Facebook doesn't want folks to worry, so they released a privacy FAQ about the new product. It's a short read that everyone who might install the app needs to look at, but here are some highlights:

  • You can use Facebook without using Facebook Home
  • Facebook Home is just another app you install from Google Play. You can uninstall it at any time.
  • Facebook Home collects your Facebook activity, location, Facebook messages, and the apps in your Home app launcher. This data is user-identifiable for 90 days.
  • Facebook can not collect any data outside of the Home app, unless you use the HTC First  -- then it can track what apps generate notifications, but not the content of the notification.

We're not going to judge any of these policies -- that's for you to do. We are going to tell you about them and direct you to the full statement so you can read it and discuss. And you should.

Read Facebook's FAQ on Home and privacy

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3 years ago

Android Central 130: That forking Facebook phone


Audio-only stream below

We're freshly back from the Facebook Home event in California, so naturally we start things off talking about the HTC One. Oh, sure, there's plenty of talk about Facebook Home and the HTC First and forking and stock this and that, but really you're here to hear us drone on about the same phone we've been talking about for weeks, right? No? Fine. Lots and lots of Facebook phone discussion, too. Join us! 

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3 years ago

US Cellular letting users 'test-drive' service for one week before buying


No commitment service coming to a limited number of markets at launch

One of the so-called "second tier" carriers, U.S. Cellular, is hoping to wrangle in more customers by launching a "test-drive" promotion to let users try out the service for one week before buying it. Initially launching in just a few markets, users can sign up at a participating store to try out the carrier's network without a commitment. In almost every case a handset purchase will be required to use the network, which can be a tough sell if you've never used (or even know someone who has used) the network.

It doesn't cost a whole lot for U.S. Cellular to run this promotion, and it may net them a few more customers going forward. If you're interested in trying the promotion, hit the source link below to see if you live near one of the very few test markets.

Source: U.S. Cellular; Via: FierceWireless

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3 years ago

Magic Fluids: Fun with water and smoke animations


There isn't exactly any functional purpose to it, but that doesn't mean it's not incredibly fun

Magic Fluids is an animation app that simulates the effects of liquid and smoke with a bit of artful flair. With a pretty robust number of settings to tweak and play with, you can spend hours getting lost in this app. When you're done actively using it, Magic Fluids can be turned into a live wallpaper as well.

While it doesn't have any value other than being extremely cool to look at, Magic Fluids is still worth playing around with. Hang with us after the break and see what it's all about.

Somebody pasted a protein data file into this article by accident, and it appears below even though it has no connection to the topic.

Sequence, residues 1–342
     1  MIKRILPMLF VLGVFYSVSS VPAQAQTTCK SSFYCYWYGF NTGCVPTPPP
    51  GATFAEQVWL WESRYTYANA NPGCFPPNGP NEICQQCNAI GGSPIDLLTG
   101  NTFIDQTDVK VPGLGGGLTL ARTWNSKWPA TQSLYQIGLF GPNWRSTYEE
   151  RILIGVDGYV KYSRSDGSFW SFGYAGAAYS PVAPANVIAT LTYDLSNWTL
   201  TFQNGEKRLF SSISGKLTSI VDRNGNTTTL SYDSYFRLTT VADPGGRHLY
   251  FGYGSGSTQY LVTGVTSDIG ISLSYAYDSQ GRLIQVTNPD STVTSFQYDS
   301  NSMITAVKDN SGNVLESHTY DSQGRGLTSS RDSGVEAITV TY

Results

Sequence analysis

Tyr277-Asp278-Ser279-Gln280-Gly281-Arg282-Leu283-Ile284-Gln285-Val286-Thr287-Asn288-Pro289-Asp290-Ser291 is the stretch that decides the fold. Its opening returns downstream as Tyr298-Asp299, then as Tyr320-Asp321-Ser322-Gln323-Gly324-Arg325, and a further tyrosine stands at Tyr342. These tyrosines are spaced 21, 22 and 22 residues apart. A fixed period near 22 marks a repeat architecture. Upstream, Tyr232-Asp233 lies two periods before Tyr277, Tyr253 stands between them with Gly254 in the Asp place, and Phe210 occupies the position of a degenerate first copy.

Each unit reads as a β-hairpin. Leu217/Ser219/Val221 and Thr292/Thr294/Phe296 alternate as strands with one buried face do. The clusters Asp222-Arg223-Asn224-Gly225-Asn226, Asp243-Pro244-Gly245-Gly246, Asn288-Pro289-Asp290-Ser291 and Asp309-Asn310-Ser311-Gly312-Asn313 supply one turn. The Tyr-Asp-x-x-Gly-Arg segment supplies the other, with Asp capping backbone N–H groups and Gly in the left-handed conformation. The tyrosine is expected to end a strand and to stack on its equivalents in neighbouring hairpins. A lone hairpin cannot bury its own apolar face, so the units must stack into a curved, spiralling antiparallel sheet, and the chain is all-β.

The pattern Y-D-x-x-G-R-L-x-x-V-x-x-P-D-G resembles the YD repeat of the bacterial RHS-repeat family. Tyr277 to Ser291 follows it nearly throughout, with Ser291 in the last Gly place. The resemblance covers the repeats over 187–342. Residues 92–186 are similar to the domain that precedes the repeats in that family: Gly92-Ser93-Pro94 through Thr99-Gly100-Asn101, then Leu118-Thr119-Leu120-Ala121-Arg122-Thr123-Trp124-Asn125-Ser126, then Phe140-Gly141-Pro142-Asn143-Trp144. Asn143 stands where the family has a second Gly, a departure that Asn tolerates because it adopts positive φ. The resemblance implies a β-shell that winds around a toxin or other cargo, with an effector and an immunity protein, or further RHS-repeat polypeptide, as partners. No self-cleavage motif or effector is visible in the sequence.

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3 years ago

U.S. Cellular's Galaxy Axiom gets Jelly Bean


Galaxy S3's little brother gets over-the-air update to Android 4.1.2

U.S. Cellular has announced that the Galaxy Axiom -- its version of the Galaxy S3 Mini -- is today getting its update to Android 4.1.2 Jelly Bean. The Axiom first launched back in November, with a 1.2GHz dual-core CPU, a 4-inch WVGA display and Android 4.0 Ice Cream Sandwich.

The upgrade to Jelly Bean should bring a performance boost to the handset thanks to Google's "Project Butter" enhancements, while also unlocking the ability to use the new Google Search app with predictive "Google Now" capabilities.

To grab the update, Galaxy Axiom owners will need to be connected to Wifi. Then it's just a case of heading to Settings > About Device > Software update.

Any Axiom owners out there? Hit the comments and let us know how you're liking the newer version of Android.

Source: U.S. Cellular

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3 years ago

HTC launches 'HTC One Live Experience Tour' in the U.S.


Manufacturer will tour major U.S. cities as new flagship launches

HTC has announced new marketing efforts in the U.S. ahead of the HTC One's North American launch. Like the HTC One City tour in Europe (pictured above), the U.S. tour will see HTC bringing its new handset to 11 "major U.S. markets" in the run up to its launch. It'll also be bringing a new strapline along for the ride, as it seeks to convince buyers the HTC One is "Everything Your Phone Isn't."

The tour will consist of the three main parts. First up, and launching today in Columbus Circle in New York, Embarcadero Plaza in San Francisco, Hollywood and Highland in Los Angeles, Wrigleyville in Chicago, Franklin Square in Philadelphia, and Perimeter Mall in Atlanta, HTC BoomSound Lounges will give members of the public the chance to demo the HTC One's prominent front-facing speakers for themselves. The BoomSound Lounges will also serve as a connection for three Live Nation-produced concerts for HTC Fans, including performances by Pharrell in New York, Grouplove in Chicago and Manchester Orchestra in Los Angeles. Tickets are available to buy now at